Many things happen in sci-fi movies that should stay in sci-fi movies. Take humans growing horns, for example. No one wants that to happen in real life—but unfortunately, it does.
An unnamed woman in India went to the doctor with a 2.4 inch horn growing out of her thumb. Yep, you read that right.
The case report published in BMJ tells us that the horn started growing about five years before the 60-year-old woman went to the hospital. She did have it removed three years prior, but it grew back.
Doctors diagnosed the black, curved growth as a giant cutaneous horn—or a buildup of keratin, the same protein that forms hair, skin, and nails. They removed the horn and reported that it hadn't grown back in the one and a half years since they took it off.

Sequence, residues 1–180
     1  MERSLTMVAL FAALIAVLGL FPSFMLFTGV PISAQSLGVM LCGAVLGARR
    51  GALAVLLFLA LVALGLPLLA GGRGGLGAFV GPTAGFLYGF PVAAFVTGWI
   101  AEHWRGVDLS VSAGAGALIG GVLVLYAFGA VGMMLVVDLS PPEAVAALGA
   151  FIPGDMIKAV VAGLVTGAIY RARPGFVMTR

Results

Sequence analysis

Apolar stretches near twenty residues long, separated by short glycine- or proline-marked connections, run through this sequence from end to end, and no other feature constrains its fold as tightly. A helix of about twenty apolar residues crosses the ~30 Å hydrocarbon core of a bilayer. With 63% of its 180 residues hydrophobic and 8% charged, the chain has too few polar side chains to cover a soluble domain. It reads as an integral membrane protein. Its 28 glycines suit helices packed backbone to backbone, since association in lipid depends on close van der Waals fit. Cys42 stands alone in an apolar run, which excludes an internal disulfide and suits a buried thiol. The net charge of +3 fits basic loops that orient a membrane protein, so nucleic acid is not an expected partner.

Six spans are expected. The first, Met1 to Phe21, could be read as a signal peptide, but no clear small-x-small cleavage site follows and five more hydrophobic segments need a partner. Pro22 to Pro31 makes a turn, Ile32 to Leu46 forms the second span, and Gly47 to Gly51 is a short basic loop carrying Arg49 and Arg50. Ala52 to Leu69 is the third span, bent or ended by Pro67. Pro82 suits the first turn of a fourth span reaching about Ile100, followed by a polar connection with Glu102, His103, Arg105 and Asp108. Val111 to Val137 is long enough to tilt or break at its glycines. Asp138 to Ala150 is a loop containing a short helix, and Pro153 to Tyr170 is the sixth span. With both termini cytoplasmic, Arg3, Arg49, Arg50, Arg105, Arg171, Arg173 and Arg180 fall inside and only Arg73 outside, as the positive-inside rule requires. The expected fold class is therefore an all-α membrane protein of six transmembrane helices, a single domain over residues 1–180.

It's not exactly clear why these growths develop, though they usually occur on sun-exposed areas of the skin, like the face. They're often harmless, as was the case for this woman, but they can sometimes be cancerous. The authors of the report note that when they are cancerous, they're typically painful, thicker than they are long, and red and ridged at the base.
Though cutaneous horns can look similar to an animal's horns, they're actually very different. Animal horns usually form around a bone, while cutaneous horns do not.
If you notice something growing on your skin, consult your doctor ASAP. You can likely have it removed before you wake up one morning to the horror of seeing a full-on horn on your body.
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